Corresponding Author:
Hema A. Nair
Department of Pharmaceutics, Bombay College of Pharmacy, Kalina, Santacruz (E), Mumbai-400 098, India
E-mail: [email protected]

Abstract

The objective of the present study was to formulate and evaluate a thermoreversible formulation containing rizatriptan benzoate for intranasal administration. Chitosan and aqueous β-glycerolphosphate were mixed in cold condition to obtain chitosan-β-glycerolphosphate mixtures, which served as the thermoreversible systems. Rizatriptan benzoate was incorporated at a final strength of 25 mg/ml. Both in vitro release and ex vivo permeation of rizatriptan from gels were measured at 37º using Franz diffusion cells Formulations were tested in vivo in mice for reduction in locomotor activity using digital actophotometer and nasal mucosal tissues were examined histopathologically.

Keywords

Thermoreversible gels, rizatriptan benzoate, chitosan

The nasal route has been successfully exploited for systemic delivery of drugs and vaccines. This route also offers the possibility of preferential targeting of drugs to CNS via olfactory pathway, bypassing the blood brain barrier [1]. The objective of the present study was to formulate and evaluate a thermoreversible formulation containing the antimigraine drug rizatriptan benzoate (RB) for intranasal (IN) administration. The gels are based on the mucoadhesive biopolymer chitosan and utilize ß-glycerolphosphate (GP) (C-GP-PEG) and without PEG (polyethylene glycol) (C-GP).

Materials and Methods

Chitosan (degree of deactylation~89%) and RB were gifted by CIFT and Cipla Pvt. Ltd. respectively. GP was purchased from CDH and PEG 4000 from S. D. Fine Chem, Mumbai, India. All other reagents used in the study were of analytical grade.

Preparation of gels

Chitosan dissolved in 0.1N HCl and aqueous GP were mixed in cold condition to obtain chitosan-GP (CGP) mixtures, which served as the thermoreversible systems. Formulations containing PEG 1% w/v (C-GP-PEG) with lower GP content were also prepared. RB was incorporated at a fi nal strength of 25 mg/ml.

Evaluation of Gels

The gelling temperature and time were measured by gradually warming the sols until movement of the meniscus was arrested. Gel strength was measured at 37º in terms of time taken for a 7 g stainless steel ball to fall through 4 cm height of gel. Both in vitro release and ex vivo permeation of RB from gels into PBS (pH 6.4) were measured at 37º using Franz diffusion cells across parchment paper and sheep nasal mucosa, respectively followed by UV spectrophotometric analysis [2]. Mucoadhesive strength of the formulations in both sol and gel states were determined using a modified two-pan balance as the force required to separate two porcine mucin coated surfaces with gel between them. Formulations were tested in vivo in mice for reduction in locomotor activity using digital actophotometer and nasal mucosal tissues were examined histopathologically. Statistical analysis was performed using ANOVA followed by Bonferroni?s multiple comparison test whenever applicable (P value<0.001).

Results and Discussion

The formulations were fluid at room temperature and were rapidly transformed to viscous gels at 370. Both gels showed initial burst followed by gradual release and permeation and release from C-GP gels were more rapid than from the gels with PEG (figs. 1 and 2). The gels had mucoadhesion comparable to or greater than chitosan at 250, but the adhesiveness was signifi cantly reduced on gelation at 370 (fi g. 3). In vivo results revealed signifi cant and sustained reduction in locomotor activity of mice on IN administration of both formulations in comparison to drug solution (fig. 4). Histopathology revealed minor damage to nasal tissues after 5 days of exposure (fig. 5).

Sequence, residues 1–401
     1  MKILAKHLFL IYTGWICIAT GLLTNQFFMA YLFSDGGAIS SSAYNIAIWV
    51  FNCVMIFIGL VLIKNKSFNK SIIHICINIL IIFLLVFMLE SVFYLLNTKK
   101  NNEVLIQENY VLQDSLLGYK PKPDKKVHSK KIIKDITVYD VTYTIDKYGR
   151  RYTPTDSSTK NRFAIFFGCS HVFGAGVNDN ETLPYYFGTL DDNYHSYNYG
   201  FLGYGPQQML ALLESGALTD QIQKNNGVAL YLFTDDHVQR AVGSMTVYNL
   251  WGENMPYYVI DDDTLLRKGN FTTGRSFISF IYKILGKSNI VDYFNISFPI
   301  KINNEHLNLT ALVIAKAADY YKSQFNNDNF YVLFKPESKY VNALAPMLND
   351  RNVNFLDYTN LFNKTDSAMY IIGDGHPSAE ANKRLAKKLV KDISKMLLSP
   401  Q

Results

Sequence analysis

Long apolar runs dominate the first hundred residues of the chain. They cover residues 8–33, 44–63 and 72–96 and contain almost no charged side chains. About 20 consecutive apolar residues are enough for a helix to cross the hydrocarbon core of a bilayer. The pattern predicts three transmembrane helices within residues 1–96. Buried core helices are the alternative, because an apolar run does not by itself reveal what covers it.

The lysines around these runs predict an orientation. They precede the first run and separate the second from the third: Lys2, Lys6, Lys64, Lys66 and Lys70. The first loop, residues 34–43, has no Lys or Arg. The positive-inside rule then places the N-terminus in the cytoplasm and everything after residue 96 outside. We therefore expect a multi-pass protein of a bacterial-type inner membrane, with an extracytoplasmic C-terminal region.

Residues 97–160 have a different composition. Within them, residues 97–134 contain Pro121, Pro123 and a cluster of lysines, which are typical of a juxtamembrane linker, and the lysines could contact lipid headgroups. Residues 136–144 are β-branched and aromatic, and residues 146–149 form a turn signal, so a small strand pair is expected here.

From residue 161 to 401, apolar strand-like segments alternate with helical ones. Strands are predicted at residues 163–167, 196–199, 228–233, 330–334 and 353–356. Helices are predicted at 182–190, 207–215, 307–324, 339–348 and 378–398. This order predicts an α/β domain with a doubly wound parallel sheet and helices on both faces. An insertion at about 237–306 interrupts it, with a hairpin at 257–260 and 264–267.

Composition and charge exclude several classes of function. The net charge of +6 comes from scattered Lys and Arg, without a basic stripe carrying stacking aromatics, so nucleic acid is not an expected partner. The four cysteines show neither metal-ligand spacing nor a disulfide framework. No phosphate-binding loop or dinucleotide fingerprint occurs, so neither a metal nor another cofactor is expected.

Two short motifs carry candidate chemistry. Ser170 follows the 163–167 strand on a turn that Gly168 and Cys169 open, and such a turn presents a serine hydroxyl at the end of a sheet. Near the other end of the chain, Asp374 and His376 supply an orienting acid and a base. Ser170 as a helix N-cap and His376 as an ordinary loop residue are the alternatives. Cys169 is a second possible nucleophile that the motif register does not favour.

Figure

Fig. 1: Ex vivo permeation studies
Ex vivo permeation studies of RB from solution and from thermoreversible formulations, (?♦?) C-GP, (?◼?) C-GP-PEG and (?▲?) drug solution

Figure

Fig. 2: In vitro drug release studies
In vitro drug release of RB from thermoreversible formulations. (?♦?) C-GP and (?◼?) C-GP-PEG

Figure

Fig. 3: Mucoadhesive strength
Mucoadhesive strength of formulations at (◼) 25° and (◘) 37°

Figure

Fig. 4: Locomotor activity of mice after intranasal administration Locomotor activity of mice after intranasal administration of rizatriptan benzoate. (?+?) control, (?◼?) C-GP, (?•?) C-GP-PEG and (?▲?) drug solution

Figure

Fig. 5: Histopathology of nasal mucosa after 5 days of exposure S: Sluffi ng of nasal mucosa, GH: Glandular hyperplasia. The tissues were stained with haematoxylin-eosin stain

The weakly basic GP prevents precipitation of chitosan on increase in pH and facilitates hydrophobic interactions on slight elevation of temperature resulting in thermoreversible systems. The sols showed good mucoadhesion but gelling reduced this effect due to stronger bonding within polymeric chains rather than with mucin. The pronounced and prolonged depression in locomotor activity of mice strengthens the hypothesis of direct delivery to brain. Preliminary studies also indicate a good safety profi le. In conclusion, the developed biogel formulations could prove to be promising alternative therapy with RB. The formulations offer convenience of administration and prolong nasal residence time and thereby nasal absorption of RB.

Acknowledgements

CIFT, Cochin for sample of chitosan and Cipla Pvt. Ltd for rizatriptan benzoate.

References